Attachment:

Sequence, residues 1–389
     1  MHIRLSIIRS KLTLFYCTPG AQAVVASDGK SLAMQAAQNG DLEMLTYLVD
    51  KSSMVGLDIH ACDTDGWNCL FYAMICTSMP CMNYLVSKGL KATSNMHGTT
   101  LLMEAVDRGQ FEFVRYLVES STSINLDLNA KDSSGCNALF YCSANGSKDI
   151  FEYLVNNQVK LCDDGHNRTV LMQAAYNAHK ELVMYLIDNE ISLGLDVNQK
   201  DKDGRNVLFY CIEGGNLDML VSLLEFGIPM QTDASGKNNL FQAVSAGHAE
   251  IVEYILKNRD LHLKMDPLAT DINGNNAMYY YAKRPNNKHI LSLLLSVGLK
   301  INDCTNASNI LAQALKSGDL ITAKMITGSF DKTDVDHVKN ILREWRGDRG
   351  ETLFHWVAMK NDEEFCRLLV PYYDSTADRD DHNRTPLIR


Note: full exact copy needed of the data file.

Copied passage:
Sequence, residues 1–389
     1  MHIRLSIIRS KLTLFYCTPG AQAVVASDGK SLAMQAAQNG DLEMLTYLVD
    51  KSSMVGLDIH ACDTDGWNCL FYAMICTSMP CMNYLVSKGL KATSNMHGTT
   101  LLMEAVDRGQ FEFVRYLVES STSINLDLNA KDSSGCNALF YCSANGSKDI
   151  FEYLVNNQVK LCDDGHNRTV LMQAAYNAHK ELVMYLIDNE ISLGLDVNQK
   201  DKDGRNVLFY CIEGGNLDML VSLLEFGIPM QTDASGKNNL FQAVSAGHAE
   251  IVEYILKNRD LHLKMDPLAT DINGNNAMYY YAKRPNNKHI LSLLLSVGLK
   301  INDCTNASNI LAQALKSGDL ITAKMITGSF DKTDVDHVKN ILREWRGDRG
   351  ETLFHWVAMK NDEEFCRLLV PYYDSTADRD DHNRTPLIR